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Citigroup Inc. (C), whose shareholders rejected Chief Executive Officer Vikram Pandit’s compensation plan in April, is committed to resolving the pay dispute and the board will make a decision by the end of the year, he said.
Directors are still consulting with shareholders of the New York-based lender about potential changes, Pandit said today in an interview with Bloomberg Television in St. Petersburg, Russia. The advisory vote last April was non-binding.
Investors rebelled after the board awarded Pandit about $15 million for 2011 along with a retention plan that could be worth about $40 million. Pandit’s compensation has provided the least shareholder value over the past three years, according to a comparison of financial CEO incentive pay against stock returns, Bloomberg has reported.
“The board has this process with them, they’re going through it, and they are committed, as I am, to making sure that they resolve this,” Pandit said. “I want to get paid what the board thinks is right for me, for the job that I’ve done and for the incentives that they think I ought to have.”
Pandit, 55, also received the final $80 million payment last year from New York-based Citigroup’s $165 million purchase of his Old Lane Partners LP hedge fund four years ago, before he was named CEO in December 2007. Shares of Citigroup, ranked third by assets among U.S. banks, fell 44 percent last year.
“There’s one thing that’s true for me and most Americans, I don’t determine my own compensation and my own package,” he said.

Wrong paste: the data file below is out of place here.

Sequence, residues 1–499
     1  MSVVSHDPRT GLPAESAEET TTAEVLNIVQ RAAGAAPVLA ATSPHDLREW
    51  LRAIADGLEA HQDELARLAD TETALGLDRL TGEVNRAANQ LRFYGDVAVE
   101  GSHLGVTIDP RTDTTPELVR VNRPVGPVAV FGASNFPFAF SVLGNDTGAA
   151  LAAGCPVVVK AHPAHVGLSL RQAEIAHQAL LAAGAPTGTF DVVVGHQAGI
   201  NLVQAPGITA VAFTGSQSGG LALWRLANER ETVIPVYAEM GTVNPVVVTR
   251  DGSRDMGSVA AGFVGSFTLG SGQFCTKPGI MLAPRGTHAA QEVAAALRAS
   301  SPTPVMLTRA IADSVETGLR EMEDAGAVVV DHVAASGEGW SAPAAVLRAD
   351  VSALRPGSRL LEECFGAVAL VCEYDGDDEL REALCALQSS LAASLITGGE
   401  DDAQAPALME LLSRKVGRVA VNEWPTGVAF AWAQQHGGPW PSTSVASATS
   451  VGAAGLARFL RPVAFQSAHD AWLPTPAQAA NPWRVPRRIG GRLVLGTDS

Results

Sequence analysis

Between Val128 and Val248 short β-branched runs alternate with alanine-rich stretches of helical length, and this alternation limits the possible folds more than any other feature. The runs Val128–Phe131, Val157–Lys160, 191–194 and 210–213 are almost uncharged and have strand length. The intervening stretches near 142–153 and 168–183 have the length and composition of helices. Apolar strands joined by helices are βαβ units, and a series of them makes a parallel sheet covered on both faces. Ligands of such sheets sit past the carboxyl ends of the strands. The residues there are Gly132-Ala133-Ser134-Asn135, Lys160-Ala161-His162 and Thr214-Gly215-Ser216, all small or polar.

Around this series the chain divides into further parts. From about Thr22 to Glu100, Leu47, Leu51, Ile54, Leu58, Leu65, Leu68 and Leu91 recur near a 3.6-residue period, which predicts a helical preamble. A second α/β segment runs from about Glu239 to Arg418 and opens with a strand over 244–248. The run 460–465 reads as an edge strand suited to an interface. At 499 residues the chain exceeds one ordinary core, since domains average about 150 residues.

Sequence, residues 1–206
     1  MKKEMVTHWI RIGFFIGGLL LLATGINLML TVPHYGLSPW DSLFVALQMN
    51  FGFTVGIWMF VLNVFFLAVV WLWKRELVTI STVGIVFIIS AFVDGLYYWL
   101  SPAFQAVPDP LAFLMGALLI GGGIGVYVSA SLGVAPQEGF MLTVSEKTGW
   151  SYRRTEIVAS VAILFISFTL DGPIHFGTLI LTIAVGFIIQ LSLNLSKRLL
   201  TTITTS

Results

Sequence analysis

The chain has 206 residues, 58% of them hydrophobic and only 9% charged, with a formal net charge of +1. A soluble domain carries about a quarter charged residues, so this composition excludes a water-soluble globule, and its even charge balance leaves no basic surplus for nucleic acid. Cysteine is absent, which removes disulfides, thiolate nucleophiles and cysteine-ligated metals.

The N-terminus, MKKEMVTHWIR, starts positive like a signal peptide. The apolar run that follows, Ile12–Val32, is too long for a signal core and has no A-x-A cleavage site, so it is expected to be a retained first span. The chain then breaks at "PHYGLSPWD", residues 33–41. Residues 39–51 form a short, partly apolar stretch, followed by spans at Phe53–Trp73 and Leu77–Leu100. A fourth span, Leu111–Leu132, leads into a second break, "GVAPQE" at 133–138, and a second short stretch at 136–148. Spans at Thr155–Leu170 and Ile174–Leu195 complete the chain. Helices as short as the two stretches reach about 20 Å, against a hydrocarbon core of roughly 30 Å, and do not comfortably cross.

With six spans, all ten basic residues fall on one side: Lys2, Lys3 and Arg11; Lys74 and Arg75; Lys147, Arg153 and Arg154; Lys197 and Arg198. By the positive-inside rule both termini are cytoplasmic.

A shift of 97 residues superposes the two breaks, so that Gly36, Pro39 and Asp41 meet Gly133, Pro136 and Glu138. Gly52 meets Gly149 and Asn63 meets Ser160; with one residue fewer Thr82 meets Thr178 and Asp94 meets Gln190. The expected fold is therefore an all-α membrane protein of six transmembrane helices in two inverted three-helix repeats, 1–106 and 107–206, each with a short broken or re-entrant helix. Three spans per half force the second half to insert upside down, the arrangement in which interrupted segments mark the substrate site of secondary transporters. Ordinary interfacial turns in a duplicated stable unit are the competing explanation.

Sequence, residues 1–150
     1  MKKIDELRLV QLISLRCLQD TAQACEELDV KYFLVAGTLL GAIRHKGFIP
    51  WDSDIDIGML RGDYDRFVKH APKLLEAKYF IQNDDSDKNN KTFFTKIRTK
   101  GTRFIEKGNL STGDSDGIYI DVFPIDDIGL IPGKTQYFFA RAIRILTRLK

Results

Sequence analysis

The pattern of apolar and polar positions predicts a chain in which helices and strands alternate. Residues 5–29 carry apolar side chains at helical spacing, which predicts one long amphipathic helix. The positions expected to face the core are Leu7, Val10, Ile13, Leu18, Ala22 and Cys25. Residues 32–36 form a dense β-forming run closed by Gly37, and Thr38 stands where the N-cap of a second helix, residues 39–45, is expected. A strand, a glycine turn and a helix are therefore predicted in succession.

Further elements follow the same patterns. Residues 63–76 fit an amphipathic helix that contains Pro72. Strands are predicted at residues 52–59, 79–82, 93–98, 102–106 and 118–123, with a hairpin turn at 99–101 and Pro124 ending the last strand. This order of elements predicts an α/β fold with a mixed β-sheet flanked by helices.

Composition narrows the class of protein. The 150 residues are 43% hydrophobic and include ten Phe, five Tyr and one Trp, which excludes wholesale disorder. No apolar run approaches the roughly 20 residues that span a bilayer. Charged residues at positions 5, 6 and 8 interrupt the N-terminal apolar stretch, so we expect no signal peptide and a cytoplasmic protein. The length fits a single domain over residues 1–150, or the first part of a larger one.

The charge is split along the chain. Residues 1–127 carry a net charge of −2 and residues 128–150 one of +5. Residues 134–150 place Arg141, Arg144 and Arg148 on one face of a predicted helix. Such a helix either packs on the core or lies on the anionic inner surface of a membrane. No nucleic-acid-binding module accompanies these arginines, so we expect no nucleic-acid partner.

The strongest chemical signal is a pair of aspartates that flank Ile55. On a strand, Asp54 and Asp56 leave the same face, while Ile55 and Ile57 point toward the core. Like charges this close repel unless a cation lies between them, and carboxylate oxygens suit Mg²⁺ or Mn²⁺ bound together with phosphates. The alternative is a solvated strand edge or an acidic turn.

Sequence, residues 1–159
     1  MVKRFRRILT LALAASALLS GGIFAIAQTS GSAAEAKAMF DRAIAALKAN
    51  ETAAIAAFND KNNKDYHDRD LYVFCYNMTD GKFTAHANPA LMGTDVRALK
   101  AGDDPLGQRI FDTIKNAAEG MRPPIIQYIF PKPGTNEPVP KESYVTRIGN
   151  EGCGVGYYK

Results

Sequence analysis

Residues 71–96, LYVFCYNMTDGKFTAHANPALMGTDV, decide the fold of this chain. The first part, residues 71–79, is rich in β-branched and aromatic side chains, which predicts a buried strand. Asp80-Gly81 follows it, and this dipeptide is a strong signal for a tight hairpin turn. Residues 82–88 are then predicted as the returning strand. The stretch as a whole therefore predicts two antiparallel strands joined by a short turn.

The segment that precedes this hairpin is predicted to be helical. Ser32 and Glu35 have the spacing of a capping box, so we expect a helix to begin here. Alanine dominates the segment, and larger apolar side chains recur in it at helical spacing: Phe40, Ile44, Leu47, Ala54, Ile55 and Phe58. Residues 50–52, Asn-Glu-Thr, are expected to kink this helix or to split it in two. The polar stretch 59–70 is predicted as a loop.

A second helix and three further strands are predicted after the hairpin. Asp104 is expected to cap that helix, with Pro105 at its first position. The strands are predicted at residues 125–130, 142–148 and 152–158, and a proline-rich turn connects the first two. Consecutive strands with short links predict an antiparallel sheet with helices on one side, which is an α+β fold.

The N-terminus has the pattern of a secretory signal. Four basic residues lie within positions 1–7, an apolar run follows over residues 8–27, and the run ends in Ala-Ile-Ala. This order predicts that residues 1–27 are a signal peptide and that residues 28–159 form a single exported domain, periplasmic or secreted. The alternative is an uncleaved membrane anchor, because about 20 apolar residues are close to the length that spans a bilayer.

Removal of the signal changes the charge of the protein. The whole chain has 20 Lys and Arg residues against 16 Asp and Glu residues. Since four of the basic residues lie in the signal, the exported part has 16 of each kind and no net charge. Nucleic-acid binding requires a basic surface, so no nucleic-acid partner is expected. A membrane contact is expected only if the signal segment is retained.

Citigroup’s board is led by Chairman Michael O’Neill, the former Bank of Hawaii Corp (BOH). CEO who replaced Richard Parsons after the shareholder vote. O’Neill also heads the board’s compensation committee.
Pandit told lawmakers in 2009 that he would take a $1 annual salary until he restored the bank to profitability. Citigroup made a $21.7 billion profit for 2011 and 2010 combined, compared with a $29.3 billion loss for the two preceding years.
“When the company was losing money, I stepped up and said I’ll take a dollar a year and I did, exactly for that reason, exactly the right thing to do,” Pandit said.
New York City Comptroller John Liu, whose office controls about 9 million Citigroup shares, has not been consulted, according to Matthew Sweeney, a spokesman. The comptroller’s office voted against Pandit’s compensation plan. Shannon Bell, a Citigroup spokeswoman, declined to say who had been contacted. O’Neill didn’t immediately respond to e-mailed requests for comment.
“We can accept a months-long process to revamp executive compensation if the board truly consults shareowners and ultimately restores the link between pay and long-term performance,” Liu said in an e-mailed statement. “We have yet to see evidence of either.”
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